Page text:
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Biggest Lessons Company Giants Can Teach Small Businesses

Ask most businesses, and they will probably tell you that they somehow look up to a mentor or a company, using their success as their model. That isn’t surprising, though.

Often, the tried-and-tested companies have a wealth of lessons to teach to start-ups and small business entrepreneurs. Here are five of them:

1. You Don’t Need a Fancy Office Right Away

Sayings like “Looks are everything” or “Fake it until you make it” may be some reasons start-ups dream of running a business in a fancy office, preferably in a famous address like Silicon Valley or the central business district.

But the likes of Google, Harley-Davidson, and Mattel teach the world that you don’t really have to. One needs to be resourceful enough to maximize any available space in the home, such as a garage or a basement. Facebook will tell you that you can run a prototype in the comforts of a dorm room.

Besides, commercial offices’ rental costs can be huge, eating up much of your capital or cash flow. In Utah, for example, a room in a class A building may be worth $29 per square foot. A small office, meanwhile, is around 120 square feet. Doing the math, over $3,000 of your money goes to rent alone.

Go on and call a garage door expert today and convert the underutilized space into your first commercial office.

2. A College Diploma Doesn’t Guarantee Success

To be clear, this doesn’t mean you can forget about getting a college or university education. It still offers plenty of benefits for you.

According to Oregon State University, the median annual earnings of a full-time worker with only a high school diploma is around $30,000. However, for someone who completed a college or university degree they could take home $64,000. Those who pursued a master’s degree could earn more at over $80,000.

In a data collated by Northeastern University, college graduates would have over 55% more opportunities to get a job than non-graduates. Many jobs online still looked for someone who has a diploma to show.

However, education doesn’t have to get in the way of your dream to start or run a business. Neither does a diploma guarantee that you’ll succeed in your entrepreneurial endeavor. Henry Ford, Mark Zuckerberg, and Bill Gates launched their billion-dollar business without completing a degree.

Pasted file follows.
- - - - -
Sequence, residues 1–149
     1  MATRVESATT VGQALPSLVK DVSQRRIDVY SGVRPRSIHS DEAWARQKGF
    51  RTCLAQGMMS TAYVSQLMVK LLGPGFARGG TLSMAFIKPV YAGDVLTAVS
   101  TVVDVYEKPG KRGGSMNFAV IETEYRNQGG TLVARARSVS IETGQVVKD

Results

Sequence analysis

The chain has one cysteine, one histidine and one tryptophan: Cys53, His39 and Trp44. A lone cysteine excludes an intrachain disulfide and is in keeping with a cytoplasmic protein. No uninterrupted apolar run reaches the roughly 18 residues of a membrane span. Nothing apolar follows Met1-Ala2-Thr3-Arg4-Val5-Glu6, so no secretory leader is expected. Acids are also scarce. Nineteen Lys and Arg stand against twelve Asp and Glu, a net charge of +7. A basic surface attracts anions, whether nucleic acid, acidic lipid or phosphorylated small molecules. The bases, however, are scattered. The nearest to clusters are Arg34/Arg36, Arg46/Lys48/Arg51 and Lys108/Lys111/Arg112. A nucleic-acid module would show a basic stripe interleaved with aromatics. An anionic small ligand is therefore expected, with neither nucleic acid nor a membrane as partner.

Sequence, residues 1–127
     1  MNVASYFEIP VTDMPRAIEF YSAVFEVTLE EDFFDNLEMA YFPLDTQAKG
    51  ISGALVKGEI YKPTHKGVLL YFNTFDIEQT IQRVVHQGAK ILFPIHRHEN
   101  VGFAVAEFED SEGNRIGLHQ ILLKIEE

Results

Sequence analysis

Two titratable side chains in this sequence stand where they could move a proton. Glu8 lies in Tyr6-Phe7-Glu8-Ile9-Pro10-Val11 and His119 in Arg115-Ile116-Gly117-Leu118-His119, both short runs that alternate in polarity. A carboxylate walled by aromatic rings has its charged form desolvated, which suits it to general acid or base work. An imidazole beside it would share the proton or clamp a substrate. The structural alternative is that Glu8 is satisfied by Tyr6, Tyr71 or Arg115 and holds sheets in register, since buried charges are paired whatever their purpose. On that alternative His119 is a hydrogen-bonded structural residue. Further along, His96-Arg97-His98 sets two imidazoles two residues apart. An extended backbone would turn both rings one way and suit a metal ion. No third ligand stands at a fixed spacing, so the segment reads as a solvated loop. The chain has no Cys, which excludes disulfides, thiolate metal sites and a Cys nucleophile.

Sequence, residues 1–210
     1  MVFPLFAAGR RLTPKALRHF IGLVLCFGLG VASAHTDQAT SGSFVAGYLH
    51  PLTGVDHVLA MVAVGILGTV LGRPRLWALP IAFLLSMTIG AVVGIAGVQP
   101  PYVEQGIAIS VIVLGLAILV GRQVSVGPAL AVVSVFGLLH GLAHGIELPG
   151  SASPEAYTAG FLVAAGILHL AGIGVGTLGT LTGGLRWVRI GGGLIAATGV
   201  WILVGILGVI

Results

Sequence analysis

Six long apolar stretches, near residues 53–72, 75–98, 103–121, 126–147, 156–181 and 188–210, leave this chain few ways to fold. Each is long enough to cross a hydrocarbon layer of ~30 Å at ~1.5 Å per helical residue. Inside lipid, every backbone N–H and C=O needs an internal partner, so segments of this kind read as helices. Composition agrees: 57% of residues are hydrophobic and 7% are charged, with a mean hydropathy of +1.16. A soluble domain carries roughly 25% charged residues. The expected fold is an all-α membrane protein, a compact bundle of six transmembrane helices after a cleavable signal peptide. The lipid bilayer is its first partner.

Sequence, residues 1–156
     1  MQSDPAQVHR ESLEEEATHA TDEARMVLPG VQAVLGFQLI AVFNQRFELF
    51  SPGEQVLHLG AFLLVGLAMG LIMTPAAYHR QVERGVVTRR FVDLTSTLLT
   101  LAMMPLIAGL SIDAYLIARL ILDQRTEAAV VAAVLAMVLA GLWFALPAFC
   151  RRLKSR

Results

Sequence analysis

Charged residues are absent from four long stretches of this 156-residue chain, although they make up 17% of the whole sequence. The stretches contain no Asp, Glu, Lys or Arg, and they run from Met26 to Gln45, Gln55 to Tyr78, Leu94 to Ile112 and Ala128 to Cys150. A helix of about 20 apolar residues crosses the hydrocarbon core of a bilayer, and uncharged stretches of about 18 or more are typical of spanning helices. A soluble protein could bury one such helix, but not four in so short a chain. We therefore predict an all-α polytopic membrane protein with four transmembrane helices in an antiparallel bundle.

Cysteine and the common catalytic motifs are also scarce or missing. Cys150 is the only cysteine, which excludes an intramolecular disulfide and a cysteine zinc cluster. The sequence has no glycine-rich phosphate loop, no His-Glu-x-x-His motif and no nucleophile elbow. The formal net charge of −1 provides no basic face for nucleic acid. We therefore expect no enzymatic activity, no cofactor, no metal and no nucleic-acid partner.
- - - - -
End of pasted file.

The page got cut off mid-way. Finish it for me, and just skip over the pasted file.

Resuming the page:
3. Success Doesn’t Happen Overnight

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There’s a good reason experts believe get-rich-quick schemes are scams: success doesn’t happen in a matter of days or months. It can even take years, and unfortunately, about 20% of small businesses won’t make it the first year.

One needs to know the success story of Angry Birds. Rovio launched the game in 2009, and it became a massive hit with millions of downloads and a few movies to boot. But before this all happened, the company, which began in 2003, was already on the brink of bankruptcy and failed to achieve something big in the first 50 games it released.

4. Just Because You’re in Silicon Valley Doesn’t Mean You Made It

You cannot fault anyone who’s into tech to set their sights on Silicon Valley. Despite the gargantuan costs of commercial and residential rent and the dog-eat-dog world atmosphere, it is the epitome of “having made it.”

But that’s not always the case. Elizabeth Holmes, the founder of Theranos, was once the darling in the region. Young, female, and inventive, she was set to launch a blood-testing technology that could change medicine. Then, her lifestyle and pretenses got in the way.

Jawbone seemed to have what it takes to dominate the fitness tracking industry. It had a wealth of experience, sound design, and, most of all, tons of money. Before its demise, its valuation reached over $2.5 billion.

However, Reuters also argued that over-funding could be one of the reasons for its death. High valuations made it more difficult to promote the business for acquisition. This is on top of its struggles to match the functionality of its competitors, among other issues.

What does a small business—or any other enterprise—need to truly succeed? Besides innovation, smart leadership, and an excellent team, it needs to have grit. Honda is one of the leading non-American car brands in the United States today, but it wouldn’t have been around if not for Soichiro Honda’s tenacity.

Those businesses that withstand the test of time didn’t make it there for the flimsiest reasons. They worked hard, innovated, invested well, and focused their attention on what’s most essential for their success. These are qualities even small businesses can lean on to become one of them.

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